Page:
Djokovic loses court battle over deportation from Australia

Djokovic loses court battle over deportation from Australia


Novak Djokovic was preparing to leave Australia on Sunday after the court rejected the appeal he had brought against his expulsion, ordered by the government, which considered that the world No.1 in tennis, no -vaccinated against Covid-19, represented a “health risk”. 

At the end of an interim hearing, the three judges of the Federal Court of Australia dismissed the 34-year-old Serbian, burying his hopes of winning, at the Australian Open which begins on Monday, a 21st Grand Slam title, a record.

“I am extremely disappointed”, reacted Djokovic in a press release. “I respect the Court's decision and will cooperate with the relevant authorities regarding my departure from the country,” he added.

“I will now take time to rest and recover,” said the player, whose career could suffer heavily from this setback.

Authorized to leave the detention center where he was placed on Saturday , Djokovic had followed the hearing online, which lasted four hours, from the offices of his lawyers in Melbourne.

In his submissions filed in court on Saturday, Immigration Minister Alex Hawke argued that Djokovic's presence in the country was “likely to pose a health risk”.

According to him, it encouraged ” anti-vaccination sentiment” and could dissuade Australians from getting their booster shots, as the Omicron variant spreads rapidly across the country.

– “Civil unrest” – < /h2>

The presence in Australia of the champion could even “lead to an upsurge in civil unrest”, added the minister.

Even if he had qualified the risk that Djokovic himself infects Australians as “negligible”, the minister had considered that his past “contempt” of the health rules against Covid constituted a bad example.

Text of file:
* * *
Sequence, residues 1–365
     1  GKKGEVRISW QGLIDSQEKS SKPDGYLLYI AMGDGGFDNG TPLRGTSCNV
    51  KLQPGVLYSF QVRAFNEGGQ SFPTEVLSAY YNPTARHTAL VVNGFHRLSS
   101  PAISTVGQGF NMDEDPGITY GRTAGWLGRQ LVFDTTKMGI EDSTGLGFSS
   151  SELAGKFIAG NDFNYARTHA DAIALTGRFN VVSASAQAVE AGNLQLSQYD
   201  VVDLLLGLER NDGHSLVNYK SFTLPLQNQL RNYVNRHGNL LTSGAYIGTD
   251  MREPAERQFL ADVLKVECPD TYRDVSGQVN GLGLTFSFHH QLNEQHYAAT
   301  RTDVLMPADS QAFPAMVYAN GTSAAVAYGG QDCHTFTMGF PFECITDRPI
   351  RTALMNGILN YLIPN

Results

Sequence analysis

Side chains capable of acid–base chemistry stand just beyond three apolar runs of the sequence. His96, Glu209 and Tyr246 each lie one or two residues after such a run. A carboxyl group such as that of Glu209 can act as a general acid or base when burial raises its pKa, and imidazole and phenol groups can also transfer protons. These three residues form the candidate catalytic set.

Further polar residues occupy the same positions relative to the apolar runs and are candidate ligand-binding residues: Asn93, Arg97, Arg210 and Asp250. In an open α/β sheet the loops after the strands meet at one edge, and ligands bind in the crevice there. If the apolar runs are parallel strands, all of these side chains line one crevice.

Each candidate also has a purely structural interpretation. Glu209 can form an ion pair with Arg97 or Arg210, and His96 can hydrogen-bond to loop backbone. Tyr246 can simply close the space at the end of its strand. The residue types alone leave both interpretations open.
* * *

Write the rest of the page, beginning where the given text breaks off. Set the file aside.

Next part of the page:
Sunday before the Court, the lawyers of “Djoko” had described the detention of their client and his possible expulsion as “illogical”, “irrational” and “unreasonable”. Without convincing the three judges of the Federal Court who rejected the appeal unanimously, without the possibility of appeal.

Novak Djokovic had been blocked on his arrival in Australia on January 5 and placed in administrative detention for the first time. 

The player, who contracted Covid-19 in December, hoped to benefit from an exemption to enter the country without being vaccinated, but the authorities had not accepted this explanation.

The Australian government suffered a humiliating setback on January 10 when a judge blocked Djokovic's deportation, reinstated his visa and ordered his immediate release.

But the immigration minister struck back on Friday and canceled his visa for the second time on Friday under his discretionary powers, citing “sanitary and public order reasons”.

Sunday after the hearing, Djokovic was escorted back to the Park Hotel, the austere detention center for illegal immigrants now world famous, which he should no longer leave except to board the plane that will take him home.

In a statement posted on his social media on Wednesday, the tennis player admitted to having incorrectly completed his declaration for entering Australia.

– “Incompetence” – 

The player to 86 ATP titles, seen in Serbia and Spain in the two weeks before his arrival, contrary to what he declared in the immigration form upon his arrival, pleaded “human error”.

This action-packed soap opera is set in a country whose people have endured some of the toughest anti-Covid restrictions in the world for nearly two years, and where elections are scheduled for May. 

Hence a charged political context. Pressure had intensified in recent days around Conservative Prime Minister Scott Morrison, accused of “incompetence” by the Labor opposition.

The Australian government welcomed its legal victory on Sunday.&nbsp ;

“Australia's strong border protection policy has kept us safe during the pandemic,” Immigration Minister Alex Hawke said in a statement. 

“The Australians have made great sacrifices to get here and the Morrison government is firmly committed to protecting this position,” he added.

The Djokovic case is also being followed assiduously in Serbia where “Nole” is considered a national hero. On Friday, President Aleksandar Vucic accused Australia of “mistreating” him.

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